On Mon, 4 Mar 2013, Matthew Ahrens wrote:
Magic rsync options used:
-a --inplace --no-whole-file --delete-excluded
This causes rsync to overwrite the file blocks in place rather than writing
to a new temporary file first. As a result, zfs COW produces primitive
"deduplication" of at least the unchanged blocks (by writing nothing) while
writing new COW blocks for the changed blocks.
If I understand your use case correctly (the application overwrites
some blocks with the same exact contents), ZFS will ignore these
"no-op" writes only on recent Open ZFS (illumos / FreeBSD / Linux)
builds with checksum=sha256 and compression!=off. AFAIK, Solaris ZFS
will COW the blocks even if their content is identical to what's
already there, causing the snapshots to diverge.
With these rsync options, rsync will only overwrite a "block" if the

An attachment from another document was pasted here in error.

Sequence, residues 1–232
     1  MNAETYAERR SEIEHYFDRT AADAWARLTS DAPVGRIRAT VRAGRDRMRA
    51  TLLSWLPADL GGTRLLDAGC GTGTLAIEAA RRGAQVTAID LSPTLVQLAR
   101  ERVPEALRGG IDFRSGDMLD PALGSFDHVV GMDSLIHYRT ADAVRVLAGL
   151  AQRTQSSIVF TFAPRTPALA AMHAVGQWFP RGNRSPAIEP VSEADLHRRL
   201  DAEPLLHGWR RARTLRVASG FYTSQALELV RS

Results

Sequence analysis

contents of the block has changed. Rsync's notion of a block is
different than zfs so there is not a perfect overlap.
Rsync does need to read files on the destination filesystem to see if
they have changed. If the system has sufficient RAM (and/or L2ARC)
then files may still be cached from the previous day's run. In most
cases only a small subset of the total files are updated (at least on
my systems) so the caching requirements are small. Files updated on
one day are more likely to be the ones updated on subsequent days.
GraphicsMagick Maintainer, http://www.GraphicsMagick.org/
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